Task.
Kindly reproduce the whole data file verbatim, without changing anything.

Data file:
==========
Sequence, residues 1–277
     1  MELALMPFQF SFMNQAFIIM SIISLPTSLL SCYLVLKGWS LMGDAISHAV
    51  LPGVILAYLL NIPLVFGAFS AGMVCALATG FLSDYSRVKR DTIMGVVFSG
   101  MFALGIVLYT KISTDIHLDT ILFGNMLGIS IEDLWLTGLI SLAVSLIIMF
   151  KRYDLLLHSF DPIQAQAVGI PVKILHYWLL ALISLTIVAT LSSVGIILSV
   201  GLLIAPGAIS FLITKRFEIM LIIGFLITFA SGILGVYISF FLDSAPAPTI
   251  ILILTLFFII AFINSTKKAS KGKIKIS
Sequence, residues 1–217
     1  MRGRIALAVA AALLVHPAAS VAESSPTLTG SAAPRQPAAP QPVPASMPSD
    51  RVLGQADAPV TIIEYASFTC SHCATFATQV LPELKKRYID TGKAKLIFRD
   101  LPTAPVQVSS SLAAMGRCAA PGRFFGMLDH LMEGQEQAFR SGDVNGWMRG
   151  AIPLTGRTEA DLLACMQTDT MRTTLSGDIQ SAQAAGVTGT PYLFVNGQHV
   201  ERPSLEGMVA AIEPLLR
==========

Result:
Sequence, residues 1–277
     1  MELALMPFQF SFMNQAFIIM SIISLPTSLL SCYLVLKGWS LMGDAISHAV
    51  LPGVILAYLL NIPLVFGAFS AGMVCALATG FLSDYSRVKR DTIMGVVFSG
   101  MFALGIVLYT KISTDIHLDT ILFGNMLGIS IEDLWLTGLI SLAVSLIIMF
   151  KRYDLLLHSF DPIQAQAVGI PVKILHYWLL ALISLTIVAT LSSVGIILSV
   201  GLLIAPGAIS FLITKRFEIM LIIGFLITFA SGILGVYISF FLDSAPAPTI
   251  ILILTLFFII AFINSTKKAS KGKIKIS
Sequence, residues 1–217
     1  MRGRIALAVA AALLVHPAAS VAESSPTLTG SAAPRQPAAP QPVPASMPSD
    51  RVLGQADAPV TIIEYASFTC SHCATFATQV LPELKKRYID TGKAKLIFRD
   101  LPTAPVQVSS SLAAMGRCAA PGRFFGMLDH LMEGQEQAFR SGDVNGWMRG
   151  AIPLTGRTEA DLLACMQTDT MRTTLSGDIQ SAQAAGVTGT PYLFVNGQHV
   201  ERPSLEGMVA AIEPLLR